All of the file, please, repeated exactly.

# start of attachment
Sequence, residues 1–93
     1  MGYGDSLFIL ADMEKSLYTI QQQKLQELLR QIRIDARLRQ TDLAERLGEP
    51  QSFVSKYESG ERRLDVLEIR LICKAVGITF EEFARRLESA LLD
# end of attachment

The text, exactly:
Sequence, residues 1–93
     1  MGYGDSLFIL ADMEKSLYTI QQQKLQELLR QIRIDARLRQ TDLAERLGEP
    51  QSFVSKYESG ERRLDVLEIR LICKAVGITF EEFARRLESA LLD